Get It in Writing:
The IT Professional's Guide to Essential Contracts

Chapter 5: Making Sure Your Contracts Hold Up in Court

As we mentioned at the beginning of this guide, it doesn't take much to make a contract valid. To be legally binding, the document simply has to outline an agreement where something of value is exchanged. Once both parties sign on the dotted line, you have a bona fide contract.

Though not all contracts have to be in writing to be effective, oral contracts are much harder to prove. That's why it's a good idea to always put your business contracts in writing.

Let's take a quick look at what constitutes as an agreement and an exchange of value.

 

The Agreement: What Counts As an Offer

Let's say you're an IT consultant, and you meet with a potential client to talk about their IT needs. You propose a multi-pronged solution to secure their network, including new software to detect viruses and malware. You also give them a price for this service. This is the offer.

After taking a dramatically long sip of coffee, the client beams at you and says you start on Monday. That's an acceptance. Of course, this is the most basic example of an agreement, and there are many routes the conversation can take. For instance, the client may counteroffer with a different rate, and you may have to mull it over. Essentially, you both just need to get to a place where you accept the terms on the table.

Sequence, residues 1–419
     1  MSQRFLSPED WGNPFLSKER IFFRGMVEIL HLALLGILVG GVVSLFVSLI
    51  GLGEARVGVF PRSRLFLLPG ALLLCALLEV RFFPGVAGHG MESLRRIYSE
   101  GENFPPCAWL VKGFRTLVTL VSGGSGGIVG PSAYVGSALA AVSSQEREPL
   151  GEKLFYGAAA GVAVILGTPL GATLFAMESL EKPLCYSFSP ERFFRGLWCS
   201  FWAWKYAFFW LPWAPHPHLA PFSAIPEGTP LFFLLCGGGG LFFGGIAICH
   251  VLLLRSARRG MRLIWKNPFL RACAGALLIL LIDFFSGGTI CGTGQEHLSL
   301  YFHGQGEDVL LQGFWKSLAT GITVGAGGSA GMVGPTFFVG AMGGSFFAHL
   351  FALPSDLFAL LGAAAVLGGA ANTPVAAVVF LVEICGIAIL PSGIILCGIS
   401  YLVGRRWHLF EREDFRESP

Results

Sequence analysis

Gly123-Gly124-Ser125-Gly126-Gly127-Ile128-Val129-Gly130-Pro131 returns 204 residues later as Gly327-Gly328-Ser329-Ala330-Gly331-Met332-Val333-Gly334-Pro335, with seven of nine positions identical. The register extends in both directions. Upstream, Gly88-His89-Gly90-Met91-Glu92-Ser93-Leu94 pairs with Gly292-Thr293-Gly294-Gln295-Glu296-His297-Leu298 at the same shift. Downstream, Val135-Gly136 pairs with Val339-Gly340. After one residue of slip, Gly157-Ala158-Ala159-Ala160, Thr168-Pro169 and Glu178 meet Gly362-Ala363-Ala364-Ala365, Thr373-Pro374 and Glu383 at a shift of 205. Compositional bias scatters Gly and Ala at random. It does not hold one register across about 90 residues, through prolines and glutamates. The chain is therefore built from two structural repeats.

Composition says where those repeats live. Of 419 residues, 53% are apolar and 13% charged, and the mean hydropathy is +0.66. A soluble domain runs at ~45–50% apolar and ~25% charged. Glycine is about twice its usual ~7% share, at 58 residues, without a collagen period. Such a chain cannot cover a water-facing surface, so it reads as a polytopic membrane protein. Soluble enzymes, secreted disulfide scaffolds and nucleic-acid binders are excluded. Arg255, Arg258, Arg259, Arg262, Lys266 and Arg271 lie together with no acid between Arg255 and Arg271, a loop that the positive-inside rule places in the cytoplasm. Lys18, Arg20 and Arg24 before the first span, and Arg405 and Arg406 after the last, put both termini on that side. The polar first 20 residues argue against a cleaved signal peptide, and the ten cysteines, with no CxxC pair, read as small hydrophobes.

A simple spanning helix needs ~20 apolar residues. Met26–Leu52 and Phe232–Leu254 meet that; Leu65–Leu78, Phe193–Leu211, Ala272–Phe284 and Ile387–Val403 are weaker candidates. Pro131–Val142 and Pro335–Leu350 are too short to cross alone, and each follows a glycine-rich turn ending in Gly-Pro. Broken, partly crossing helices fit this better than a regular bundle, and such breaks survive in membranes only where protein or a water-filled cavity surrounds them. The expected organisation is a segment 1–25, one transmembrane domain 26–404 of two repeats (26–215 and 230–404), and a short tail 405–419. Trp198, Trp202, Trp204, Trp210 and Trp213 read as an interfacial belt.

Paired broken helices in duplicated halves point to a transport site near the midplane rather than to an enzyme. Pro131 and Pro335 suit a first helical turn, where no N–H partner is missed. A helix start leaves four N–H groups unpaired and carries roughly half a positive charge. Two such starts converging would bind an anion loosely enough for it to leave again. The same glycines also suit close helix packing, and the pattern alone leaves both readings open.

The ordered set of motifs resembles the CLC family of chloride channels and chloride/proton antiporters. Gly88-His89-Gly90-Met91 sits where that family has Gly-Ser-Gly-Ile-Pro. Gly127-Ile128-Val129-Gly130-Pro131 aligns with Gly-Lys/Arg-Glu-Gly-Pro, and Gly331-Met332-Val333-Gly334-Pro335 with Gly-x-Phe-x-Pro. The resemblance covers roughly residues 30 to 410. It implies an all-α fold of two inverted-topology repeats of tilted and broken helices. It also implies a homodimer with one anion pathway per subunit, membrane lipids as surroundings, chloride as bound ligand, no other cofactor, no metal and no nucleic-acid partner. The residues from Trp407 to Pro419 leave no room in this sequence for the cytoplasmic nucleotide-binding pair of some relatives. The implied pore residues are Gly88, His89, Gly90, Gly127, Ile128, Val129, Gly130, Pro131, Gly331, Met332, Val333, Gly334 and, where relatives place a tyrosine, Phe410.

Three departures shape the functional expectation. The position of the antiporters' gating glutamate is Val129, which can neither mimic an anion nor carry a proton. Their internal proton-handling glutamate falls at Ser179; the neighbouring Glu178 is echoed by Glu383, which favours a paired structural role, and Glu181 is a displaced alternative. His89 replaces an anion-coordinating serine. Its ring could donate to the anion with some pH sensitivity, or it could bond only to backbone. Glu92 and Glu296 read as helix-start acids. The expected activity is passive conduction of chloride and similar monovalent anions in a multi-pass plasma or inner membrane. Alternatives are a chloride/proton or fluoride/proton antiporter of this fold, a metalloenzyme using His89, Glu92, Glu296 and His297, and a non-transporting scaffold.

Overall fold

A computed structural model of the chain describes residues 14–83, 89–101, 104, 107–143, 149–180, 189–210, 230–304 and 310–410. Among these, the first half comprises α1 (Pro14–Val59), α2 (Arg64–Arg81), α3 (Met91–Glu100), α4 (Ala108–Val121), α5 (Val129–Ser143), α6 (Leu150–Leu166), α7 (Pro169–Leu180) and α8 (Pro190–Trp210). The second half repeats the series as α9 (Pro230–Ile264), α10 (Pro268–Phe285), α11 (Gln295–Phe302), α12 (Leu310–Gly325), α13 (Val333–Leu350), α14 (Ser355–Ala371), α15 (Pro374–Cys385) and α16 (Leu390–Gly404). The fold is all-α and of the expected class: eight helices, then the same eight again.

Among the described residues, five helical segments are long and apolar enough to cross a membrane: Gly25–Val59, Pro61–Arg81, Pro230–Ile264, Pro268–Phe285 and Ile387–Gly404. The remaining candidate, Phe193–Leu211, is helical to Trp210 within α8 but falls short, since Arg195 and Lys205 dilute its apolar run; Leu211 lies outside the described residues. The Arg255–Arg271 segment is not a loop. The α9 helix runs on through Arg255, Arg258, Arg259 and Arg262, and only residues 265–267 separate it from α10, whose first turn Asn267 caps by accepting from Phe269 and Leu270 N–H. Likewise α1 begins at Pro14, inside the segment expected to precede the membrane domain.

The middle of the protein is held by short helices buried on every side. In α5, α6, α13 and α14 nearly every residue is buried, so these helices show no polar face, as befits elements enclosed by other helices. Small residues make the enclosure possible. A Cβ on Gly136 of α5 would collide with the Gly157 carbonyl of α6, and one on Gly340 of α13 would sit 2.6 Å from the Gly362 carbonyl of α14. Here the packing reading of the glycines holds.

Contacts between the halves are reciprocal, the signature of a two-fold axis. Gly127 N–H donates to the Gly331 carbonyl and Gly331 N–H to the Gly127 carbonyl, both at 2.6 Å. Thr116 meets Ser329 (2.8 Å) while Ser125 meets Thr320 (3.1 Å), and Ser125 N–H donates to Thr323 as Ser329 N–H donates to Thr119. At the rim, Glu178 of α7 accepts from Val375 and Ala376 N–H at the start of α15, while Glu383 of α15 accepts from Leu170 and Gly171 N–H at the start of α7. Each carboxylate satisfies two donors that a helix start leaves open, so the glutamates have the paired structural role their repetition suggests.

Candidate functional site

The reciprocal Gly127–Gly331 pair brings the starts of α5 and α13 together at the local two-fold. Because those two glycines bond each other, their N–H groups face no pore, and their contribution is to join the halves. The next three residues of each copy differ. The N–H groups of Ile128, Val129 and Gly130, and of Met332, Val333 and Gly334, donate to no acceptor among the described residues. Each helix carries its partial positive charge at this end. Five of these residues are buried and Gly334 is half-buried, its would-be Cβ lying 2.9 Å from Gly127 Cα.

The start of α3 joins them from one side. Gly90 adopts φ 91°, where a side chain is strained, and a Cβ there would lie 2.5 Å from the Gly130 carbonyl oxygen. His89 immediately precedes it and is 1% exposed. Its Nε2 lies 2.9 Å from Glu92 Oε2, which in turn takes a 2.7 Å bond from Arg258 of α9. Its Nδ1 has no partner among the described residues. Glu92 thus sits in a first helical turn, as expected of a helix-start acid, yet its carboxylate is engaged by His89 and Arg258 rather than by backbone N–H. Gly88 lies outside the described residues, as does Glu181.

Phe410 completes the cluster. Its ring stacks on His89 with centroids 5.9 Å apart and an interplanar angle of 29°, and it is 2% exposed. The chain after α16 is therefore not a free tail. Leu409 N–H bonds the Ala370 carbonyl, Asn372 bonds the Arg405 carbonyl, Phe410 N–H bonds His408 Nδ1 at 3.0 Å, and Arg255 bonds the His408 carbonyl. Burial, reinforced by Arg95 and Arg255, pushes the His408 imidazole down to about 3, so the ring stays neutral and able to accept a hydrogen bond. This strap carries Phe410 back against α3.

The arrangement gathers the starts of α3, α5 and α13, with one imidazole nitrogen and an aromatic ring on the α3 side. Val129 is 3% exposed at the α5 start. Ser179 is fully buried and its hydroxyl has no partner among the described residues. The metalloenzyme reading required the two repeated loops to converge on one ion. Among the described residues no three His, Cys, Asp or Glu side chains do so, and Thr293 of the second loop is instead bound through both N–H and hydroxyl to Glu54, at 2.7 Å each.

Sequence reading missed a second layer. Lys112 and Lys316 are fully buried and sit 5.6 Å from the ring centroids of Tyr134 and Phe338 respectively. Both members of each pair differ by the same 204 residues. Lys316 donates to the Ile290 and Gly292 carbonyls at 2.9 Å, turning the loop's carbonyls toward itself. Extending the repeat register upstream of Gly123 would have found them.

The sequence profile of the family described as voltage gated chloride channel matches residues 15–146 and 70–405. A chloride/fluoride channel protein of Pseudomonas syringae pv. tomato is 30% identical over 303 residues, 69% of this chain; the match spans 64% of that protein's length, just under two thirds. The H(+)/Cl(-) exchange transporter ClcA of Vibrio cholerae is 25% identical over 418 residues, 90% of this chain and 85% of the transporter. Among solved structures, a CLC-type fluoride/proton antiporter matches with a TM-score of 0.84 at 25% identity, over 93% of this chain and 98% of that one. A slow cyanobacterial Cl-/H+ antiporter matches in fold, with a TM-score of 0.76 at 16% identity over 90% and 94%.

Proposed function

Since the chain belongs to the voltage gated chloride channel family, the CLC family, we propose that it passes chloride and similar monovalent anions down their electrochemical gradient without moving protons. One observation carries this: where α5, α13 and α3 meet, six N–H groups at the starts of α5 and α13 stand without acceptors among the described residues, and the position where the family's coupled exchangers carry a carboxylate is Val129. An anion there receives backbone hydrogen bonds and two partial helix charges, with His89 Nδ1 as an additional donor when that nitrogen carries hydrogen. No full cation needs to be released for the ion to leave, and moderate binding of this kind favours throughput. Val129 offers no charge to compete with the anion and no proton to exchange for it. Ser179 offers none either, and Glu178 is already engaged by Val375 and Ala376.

And as we mentioned, you'll need to get all this in writing in case something goes awry and that client takes you to court.

The Great Exchange: Things of Value

The thing of value at the heart of the exchange is often a promise to do something in the future. For instance, in the example above, you're promising to implement IT solutions to secure your client's network. Your client promises to pay you the rate you agreed on.

And so the wheels are set in motion.

 

Keep in mind, though, if one person does something as a gift, it's not a contract. Similarly, a one-sided promise is also not a contract. Both parties have to be in agreement and exchange things of value (e.g., services in exchange for payment) in order for a contract to exist.

Your Contract in Court: Will It Survive?

Every contract is different, so there's no one-size-fits-all solution to making sure a contract holds up in court. However, the following three tips can help:

  1. Get a lawyer on it. If your contract includes indemnity clauses (and it should), you need a lawyer to craft the language. Plus, it's never a bad idea to have a lawyer review your contracts to make sure they are specific, compliant with state laws, and not overreaching.
  2. Get it in writing. It's difficult (if not impossible) to prove oral contracts in court.
  3. Get it signed. A contract isn't legally binding until both parties show their agreement by signing their names to it.

And that's the long and short of it. Now go out there and exchange some things of value.

Next: Conclusion

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